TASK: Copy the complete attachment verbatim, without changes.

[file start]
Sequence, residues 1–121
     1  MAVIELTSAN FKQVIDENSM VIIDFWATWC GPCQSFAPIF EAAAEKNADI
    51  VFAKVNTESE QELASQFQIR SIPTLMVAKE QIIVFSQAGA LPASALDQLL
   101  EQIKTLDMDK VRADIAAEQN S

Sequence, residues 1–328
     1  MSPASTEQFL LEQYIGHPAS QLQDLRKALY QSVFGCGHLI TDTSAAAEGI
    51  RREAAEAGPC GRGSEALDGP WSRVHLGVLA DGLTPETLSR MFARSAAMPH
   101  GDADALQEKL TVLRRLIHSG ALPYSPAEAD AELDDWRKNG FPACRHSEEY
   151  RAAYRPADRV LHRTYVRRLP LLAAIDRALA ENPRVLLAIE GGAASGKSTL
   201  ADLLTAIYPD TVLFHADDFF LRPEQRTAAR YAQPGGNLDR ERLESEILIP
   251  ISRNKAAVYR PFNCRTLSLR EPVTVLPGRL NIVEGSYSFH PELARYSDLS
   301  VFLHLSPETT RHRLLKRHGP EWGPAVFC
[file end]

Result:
Sequence, residues 1–121
     1  MAVIELTSAN FKQVIDENSM VIIDFWATWC GPCQSFAPIF EAAAEKNADI
    51  VFAKVNTESE QELASQFQIR SIPTLMVAKE QIIVFSQAGA LPASALDQLL
   101  EQIKTLDMDK VRADIAAEQN S

Sequence, residues 1–328
     1  MSPASTEQFL LEQYIGHPAS QLQDLRKALY QSVFGCGHLI TDTSAAAEGI
    51  RREAAEAGPC GRGSEALDGP WSRVHLGVLA DGLTPETLSR MFARSAAMPH
   101  GDADALQEKL TVLRRLIHSG ALPYSPAEAD AELDDWRKNG FPACRHSEEY
   151  RAAYRPADRV LHRTYVRRLP LLAAIDRALA ENPRVLLAIE GGAASGKSTL
   201  ADLLTAIYPD TVLFHADDFF LRPEQRTAAR YAQPGGNLDR ERLESEILIP
   251  ISRNKAAVYR PFNCRTLSLR EPVTVLPGRL NIVEGSYSFH PELARYSDLS
   301  VFLHLSPETT RHRLLKRHGP EWGPAVFC